National Science Foundation Awards Team a $185,000 Research Grant
22 AUGUST 2007, PHILADELPHIA, PA—In Africa today, cattle pastoralism and dairy farming are principal livelihoods for millions of people, integrated into most aspects of cultural life. In the last few years, harsh and unpredictable climate fluctuations in East Africa—probable signs of global warming—have affected the region’s pastoralists, and threaten their long-term ability to continue their semi-nomadic way of life. Surprisingly, until recent decades little research had been conducted on the origins and spread of cattle domestication across that huge continent.
The beginnings of cattle pastoralism in East Africa will be the subject of an intensive, three-year international collaborative research effort, made possible by a $185,000 grant from the National Science Foundation. Archaeozoologist Dr. Kathleen Ryan, Research Scientist at the University of Pennsylvania Museum of Archaeology and Anthropology, and an international team of colleagues, will engage in systematic archaeological fieldwork, including mapping and test excavation, in central Laikipia, Kenya.
Though cattle domestication is believed to have occurred in Africa roughly 9,000 years ago, cattle pastoralism in East Africa began millennia later, between 4,000 and 5,000 years ago. The research team hopes to shed new light on the advance of cattle pastoralism and its impact on the social organization, settlement patterns, and diet of the area’s indigenous, hunter-gatherer peoples, adding to a developing understanding of the early forces that shaped present-day cattle pastoralism, now so at risk.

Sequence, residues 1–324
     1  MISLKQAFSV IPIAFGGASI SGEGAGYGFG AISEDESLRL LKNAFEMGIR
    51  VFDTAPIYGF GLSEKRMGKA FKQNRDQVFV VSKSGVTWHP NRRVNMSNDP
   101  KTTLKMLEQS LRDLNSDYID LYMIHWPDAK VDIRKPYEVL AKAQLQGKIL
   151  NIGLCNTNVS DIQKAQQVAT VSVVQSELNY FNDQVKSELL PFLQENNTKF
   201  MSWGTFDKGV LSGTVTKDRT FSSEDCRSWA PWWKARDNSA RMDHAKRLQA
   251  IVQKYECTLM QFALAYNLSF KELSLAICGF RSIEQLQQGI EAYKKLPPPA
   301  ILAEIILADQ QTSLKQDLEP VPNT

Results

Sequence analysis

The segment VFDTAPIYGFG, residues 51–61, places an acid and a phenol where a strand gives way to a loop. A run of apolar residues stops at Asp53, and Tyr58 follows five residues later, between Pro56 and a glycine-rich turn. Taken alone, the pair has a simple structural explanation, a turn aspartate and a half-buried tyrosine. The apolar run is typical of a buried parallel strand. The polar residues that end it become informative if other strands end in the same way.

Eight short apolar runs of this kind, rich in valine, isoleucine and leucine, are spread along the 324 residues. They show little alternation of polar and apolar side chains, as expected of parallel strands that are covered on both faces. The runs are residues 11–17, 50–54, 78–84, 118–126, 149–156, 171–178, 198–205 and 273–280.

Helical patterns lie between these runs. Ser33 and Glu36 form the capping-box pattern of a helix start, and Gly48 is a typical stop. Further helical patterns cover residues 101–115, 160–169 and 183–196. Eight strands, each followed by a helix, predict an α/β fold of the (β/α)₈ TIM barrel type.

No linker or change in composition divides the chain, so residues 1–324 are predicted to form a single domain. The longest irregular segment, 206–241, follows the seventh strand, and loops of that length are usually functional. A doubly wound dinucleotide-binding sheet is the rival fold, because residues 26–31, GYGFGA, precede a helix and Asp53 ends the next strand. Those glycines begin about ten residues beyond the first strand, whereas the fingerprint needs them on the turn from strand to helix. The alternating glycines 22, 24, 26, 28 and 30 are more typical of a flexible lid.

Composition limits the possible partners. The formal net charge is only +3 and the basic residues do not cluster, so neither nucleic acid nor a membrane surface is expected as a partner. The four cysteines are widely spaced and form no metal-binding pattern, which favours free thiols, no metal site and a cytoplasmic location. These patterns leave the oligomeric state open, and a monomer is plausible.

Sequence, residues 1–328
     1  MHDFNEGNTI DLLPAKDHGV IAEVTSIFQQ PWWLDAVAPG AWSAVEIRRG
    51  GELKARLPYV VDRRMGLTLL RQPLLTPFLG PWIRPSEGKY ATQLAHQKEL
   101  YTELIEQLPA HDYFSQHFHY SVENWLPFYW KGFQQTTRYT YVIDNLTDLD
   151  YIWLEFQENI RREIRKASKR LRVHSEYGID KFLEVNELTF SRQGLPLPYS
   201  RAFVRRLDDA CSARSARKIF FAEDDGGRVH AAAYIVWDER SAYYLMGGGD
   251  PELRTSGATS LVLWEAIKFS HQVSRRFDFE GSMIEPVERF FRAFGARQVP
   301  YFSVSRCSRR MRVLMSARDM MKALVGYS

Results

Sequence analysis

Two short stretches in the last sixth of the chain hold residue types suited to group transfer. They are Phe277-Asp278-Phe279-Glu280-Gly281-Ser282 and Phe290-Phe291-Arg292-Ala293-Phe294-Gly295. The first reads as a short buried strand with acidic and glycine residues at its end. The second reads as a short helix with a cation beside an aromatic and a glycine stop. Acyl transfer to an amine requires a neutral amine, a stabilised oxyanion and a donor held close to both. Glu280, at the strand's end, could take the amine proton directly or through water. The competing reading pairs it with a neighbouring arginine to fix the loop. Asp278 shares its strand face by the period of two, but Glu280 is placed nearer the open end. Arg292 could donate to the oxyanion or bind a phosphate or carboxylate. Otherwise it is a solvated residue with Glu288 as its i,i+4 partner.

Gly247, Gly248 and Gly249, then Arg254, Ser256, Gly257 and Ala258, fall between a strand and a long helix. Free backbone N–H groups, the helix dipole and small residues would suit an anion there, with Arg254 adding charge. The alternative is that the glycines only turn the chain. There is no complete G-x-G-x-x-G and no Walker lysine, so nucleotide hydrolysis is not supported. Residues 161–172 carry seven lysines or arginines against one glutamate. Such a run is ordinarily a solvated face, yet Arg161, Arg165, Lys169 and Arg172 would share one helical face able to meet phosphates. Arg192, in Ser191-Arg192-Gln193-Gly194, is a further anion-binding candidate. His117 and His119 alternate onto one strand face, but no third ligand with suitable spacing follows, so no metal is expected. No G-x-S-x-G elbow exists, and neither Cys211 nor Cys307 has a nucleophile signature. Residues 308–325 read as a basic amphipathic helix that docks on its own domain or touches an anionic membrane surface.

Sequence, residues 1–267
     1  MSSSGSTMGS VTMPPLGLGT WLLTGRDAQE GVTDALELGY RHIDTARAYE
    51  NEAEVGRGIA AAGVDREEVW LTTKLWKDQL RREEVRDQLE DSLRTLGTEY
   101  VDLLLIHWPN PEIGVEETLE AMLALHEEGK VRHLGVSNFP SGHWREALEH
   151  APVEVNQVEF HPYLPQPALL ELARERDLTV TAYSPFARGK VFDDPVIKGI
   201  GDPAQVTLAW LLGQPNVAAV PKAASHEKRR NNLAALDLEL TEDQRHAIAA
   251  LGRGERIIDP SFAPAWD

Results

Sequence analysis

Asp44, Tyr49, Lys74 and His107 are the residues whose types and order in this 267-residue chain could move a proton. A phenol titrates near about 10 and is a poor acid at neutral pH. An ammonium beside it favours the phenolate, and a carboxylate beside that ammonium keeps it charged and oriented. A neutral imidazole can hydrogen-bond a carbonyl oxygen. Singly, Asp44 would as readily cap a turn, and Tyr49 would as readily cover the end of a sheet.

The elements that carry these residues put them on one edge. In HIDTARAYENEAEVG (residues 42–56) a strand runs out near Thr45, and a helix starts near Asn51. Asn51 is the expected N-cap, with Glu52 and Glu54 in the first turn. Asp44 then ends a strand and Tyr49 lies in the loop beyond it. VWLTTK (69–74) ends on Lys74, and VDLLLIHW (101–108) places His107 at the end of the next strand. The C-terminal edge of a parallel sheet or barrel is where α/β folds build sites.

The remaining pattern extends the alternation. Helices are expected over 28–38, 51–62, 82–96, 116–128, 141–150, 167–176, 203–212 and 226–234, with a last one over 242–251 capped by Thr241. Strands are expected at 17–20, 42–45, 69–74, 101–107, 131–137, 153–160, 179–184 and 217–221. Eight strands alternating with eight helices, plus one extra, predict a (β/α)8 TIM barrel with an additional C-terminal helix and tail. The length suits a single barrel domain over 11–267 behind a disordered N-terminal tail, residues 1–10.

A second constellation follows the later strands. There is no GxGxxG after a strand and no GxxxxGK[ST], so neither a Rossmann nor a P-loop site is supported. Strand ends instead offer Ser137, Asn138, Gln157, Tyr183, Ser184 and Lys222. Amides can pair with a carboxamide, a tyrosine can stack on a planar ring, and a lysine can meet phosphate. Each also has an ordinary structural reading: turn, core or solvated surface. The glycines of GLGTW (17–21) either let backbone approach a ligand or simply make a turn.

As a pivotal part of the study, the team will work to identify the beginnings of widespread cow milk consumption in Laikipia, contributing to current scholarly discussions about the genetic basis in modern East African populations for lactose tolerance in adults—something generally not true of adult populations in other parts of the world.
Co-investigators with Dr. Ryan are Professor Karega-Munene of the United States International University (USIU), Nairobi, Kenya, and Professor Richard Evershed of the University of Bristol, England. The team will collaborate with researchers at the National Museums of Kenya, the Weizmann Institute of Israel, and MASCA (Museum Applied Science Center for Archaeology) at Penn Museum, and offer hands-on research experience to U.S. students from the University of Pennsylvania and Kenyan students from USIU.
From 1990 to 2002, Dr. Ryan worked among the Maasai of East Africa, one of the most well known of Africa’s many cattle pastoralist societies. She focused on what she termed “cattle ecology,” and the ways in which the requirements of the cattle shaped Maasai life.
Ryan's project with the Maasai expanded to include research on their use of traditional medicines to treat cattle and people. The majority of these medicines are derived from naturally growing botanicals readily available on the range. Recognizing that key botanical knowledge held by Maasai elders was in danger of being lost, she worked with Maasai colleagues to find ways to bridge the information gap. The goal was to preserve practical knowledge about the environment, garnered over many hundreds of years. To this end, in 1999 and 2002, she organized field schools to teach the basics of environmental science in cooperation with Maasai elders and teachers at the local boarding school for Maasai girls in Rombo, her main study area. Included in the instruction were walks for plant collection and identification led by Ryan's main Maasai consultant, Parmitoro ole Koringo, and his son Lekatoo ole Parmitoro.
Photo: Cattle enclosure inside a Maasai settlement. Photo: Kathleen Ryan.
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